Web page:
The Digital Age CV

The Digital Age CV

Here’s a birds-eye view of the factors to consider while scripting a new age CV

Despite a raging debate on whether the CV is still relevant in the digital age, recruiters generally agree that there is nothing yet to entirely replace it. The CV still remains a crucial component of the hiring process. However, with changing times, it has evolved to suit new recruiting approaches and requirements.

So what are the factors to consider while scripting a new-age CV? Here’s a birds-eye view of what experts suggest:

Go easy on formatting

  • To cope with the ever-increasing number of CVs, many recruiters now engage applicant tracking systems (ATS). These are pre-screening software that analyse keywords, dates and titles in aCVand match them with the requirements of the targeted job.
  • A candidate’s target should be to get past the software to the next stage –inthe hands of a human recruiter. For this, the first factor is to keep the CV machine-readable.
  • The ATS will not be able to extract information from over-formatted layouts. Maintain a simple formatting – without elaborate style elements, exotic fonts, tables, graphics or embedded images.
  • Tried-and-tested classic fonts like Times New Roman, Arial, Helvetica, Calibri and Georgia remain the best options even in the digital age.
  • Never insert useful content in header and footers. Some put in name, contact details and similar data in the header or footer field. However, screening software are generally programmed to ignore these areas.

Match your keywords to the job

  • By now it must be obvious that the objective is to stay as close as possible to the job requirements, so that the screening software identifies a perfect match. For this, the best way is to use the correct keywords.
  • While scripting the CV, use the exact wordings of the job posting to describe your accomplishments and achievements. Obviously, they should be truthful.
  • Mirroring the keywords used in the job description circulated by the recruiter is the easiest way to achieve a keyword match. But, of course, doing this means you need to customise your CV for every job you apply for.
  • You also need to do a fair amount of research to know the precise requirements for the vacancy.

Prior online research is a must

  • Even in the past, it was prudent to research the company you were applying for. But in the digital age, it is a must – and now it is immensely easy too!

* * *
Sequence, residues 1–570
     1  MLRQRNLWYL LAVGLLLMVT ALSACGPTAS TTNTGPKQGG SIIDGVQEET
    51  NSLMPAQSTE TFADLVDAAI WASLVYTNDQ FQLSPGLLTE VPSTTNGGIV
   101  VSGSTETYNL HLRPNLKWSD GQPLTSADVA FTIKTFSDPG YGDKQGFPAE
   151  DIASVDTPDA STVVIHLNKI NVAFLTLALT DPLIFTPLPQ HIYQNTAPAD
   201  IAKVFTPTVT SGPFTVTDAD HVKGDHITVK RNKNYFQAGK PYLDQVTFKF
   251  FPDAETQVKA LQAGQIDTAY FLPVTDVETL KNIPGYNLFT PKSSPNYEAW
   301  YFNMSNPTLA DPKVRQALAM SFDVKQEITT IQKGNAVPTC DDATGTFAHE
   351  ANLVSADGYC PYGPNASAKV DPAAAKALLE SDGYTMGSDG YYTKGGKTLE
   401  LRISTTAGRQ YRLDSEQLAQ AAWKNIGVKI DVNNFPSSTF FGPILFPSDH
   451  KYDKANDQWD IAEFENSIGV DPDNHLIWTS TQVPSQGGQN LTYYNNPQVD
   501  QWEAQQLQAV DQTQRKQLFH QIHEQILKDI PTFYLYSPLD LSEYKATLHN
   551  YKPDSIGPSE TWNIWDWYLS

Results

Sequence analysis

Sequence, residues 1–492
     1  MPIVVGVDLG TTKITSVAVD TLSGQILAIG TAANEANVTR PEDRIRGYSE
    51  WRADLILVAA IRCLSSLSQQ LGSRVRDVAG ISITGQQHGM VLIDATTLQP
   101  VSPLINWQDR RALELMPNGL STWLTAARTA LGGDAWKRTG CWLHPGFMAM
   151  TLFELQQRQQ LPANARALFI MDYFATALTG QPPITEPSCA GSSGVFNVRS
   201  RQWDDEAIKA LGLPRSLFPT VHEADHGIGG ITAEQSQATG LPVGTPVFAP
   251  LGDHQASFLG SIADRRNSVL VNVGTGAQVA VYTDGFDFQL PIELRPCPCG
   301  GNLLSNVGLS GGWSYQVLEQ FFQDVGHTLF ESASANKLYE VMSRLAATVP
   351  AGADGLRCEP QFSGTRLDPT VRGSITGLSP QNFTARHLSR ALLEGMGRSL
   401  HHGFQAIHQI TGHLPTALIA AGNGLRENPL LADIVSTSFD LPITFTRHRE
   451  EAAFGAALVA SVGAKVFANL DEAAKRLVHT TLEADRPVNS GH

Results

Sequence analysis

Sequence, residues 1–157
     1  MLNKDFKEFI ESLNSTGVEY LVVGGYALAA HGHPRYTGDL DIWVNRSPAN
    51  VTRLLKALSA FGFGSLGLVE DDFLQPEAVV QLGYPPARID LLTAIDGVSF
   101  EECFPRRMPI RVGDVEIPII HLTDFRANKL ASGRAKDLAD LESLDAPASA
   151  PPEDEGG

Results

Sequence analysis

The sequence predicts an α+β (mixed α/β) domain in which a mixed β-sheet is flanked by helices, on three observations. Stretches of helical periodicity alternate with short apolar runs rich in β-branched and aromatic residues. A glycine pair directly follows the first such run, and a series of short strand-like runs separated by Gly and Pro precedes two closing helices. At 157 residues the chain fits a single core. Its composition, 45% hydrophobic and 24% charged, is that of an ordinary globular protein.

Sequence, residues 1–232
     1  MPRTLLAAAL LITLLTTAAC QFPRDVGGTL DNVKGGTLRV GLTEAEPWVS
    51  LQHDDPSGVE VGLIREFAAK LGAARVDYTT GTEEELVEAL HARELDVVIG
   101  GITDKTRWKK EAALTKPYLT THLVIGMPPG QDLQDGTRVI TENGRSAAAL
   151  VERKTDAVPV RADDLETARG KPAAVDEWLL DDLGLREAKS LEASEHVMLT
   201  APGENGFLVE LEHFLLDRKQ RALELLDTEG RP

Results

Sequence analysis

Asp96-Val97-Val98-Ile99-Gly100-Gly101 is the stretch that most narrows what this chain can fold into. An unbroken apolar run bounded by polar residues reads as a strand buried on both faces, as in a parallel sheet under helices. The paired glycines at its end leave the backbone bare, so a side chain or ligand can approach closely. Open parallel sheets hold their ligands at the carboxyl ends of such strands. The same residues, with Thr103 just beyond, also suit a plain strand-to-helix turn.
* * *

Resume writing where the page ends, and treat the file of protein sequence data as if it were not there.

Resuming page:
• The vast treasure trove of company information available over the internet is open to free exploitation. And this saves time and effort on both sides of the table.
  • On one hand the research help you evaluate how suitable the vacancy, or the company, is for you. On the other hand, research reveals keyinputs that can be leveraged intelligently while writing the CV.
  • Check the official company website or social media pages, do a Google search on the organisation, cross-check any facts that looks doubtful, look up the exact meaning of terminology you are not sure of. All these will help you understand the company’s culture and work ethics.

Write for the purpose

  • Instead of lengthening past achievement history, focus on what skills you are bringing to the table.
  • Start every point with an action word. For instance, rather than writing “30% improvement in sales were achieved” write “Improved sales by 30%”.
  • Use acronyms and spelled out forms of industry specific terminology, like titles, professional organisations, certifications, etc.
  • Starting with a “career objective” is no longer considered necessary. That objective is more of a personal goal for the candidate – not something the company is looking for; and it could mislead the ATS. Instead, it’s better to start with a list of key skills so that the recruiter immediately knows what the candidate is bringing to the table.

Design for the screen

  • While conventionalCVs were printed, a new-age recruiter always takes the first look at a CV on screen. This will impact the choice of design in several ways.
  • On-screen reading allows playing around with non-conventional, attractive and visually impressive layouts.
  • For online readability, a clean layout with fonts that are not stressful to the eye is a must. Colour should be used to accent and communicate – not to overwhelm. Keep in mind the various psychological messaging that colour schemes suggest.
  • Balance all visual elements to make your design stand-out as modern, professional, and appropriate for the job in question.
  • Several online resume-builder tools are now available for creating excellent designs. Choose one that suits your need.

Optimise space for maximum visibility

  • Studies reveal that human recruiters tend to take in more information from the top third of a CV. That is how the eye works. So try to make the best use for this space.
  • Showcase your most valuable skills, vital achievements, and contact details in this area. Never overinform with jam-packed text.
  • Dense resumes are hard to read, and more likely to be rejected. Judicious use of white space on the page is a sure-shot way to make a classy impression. 
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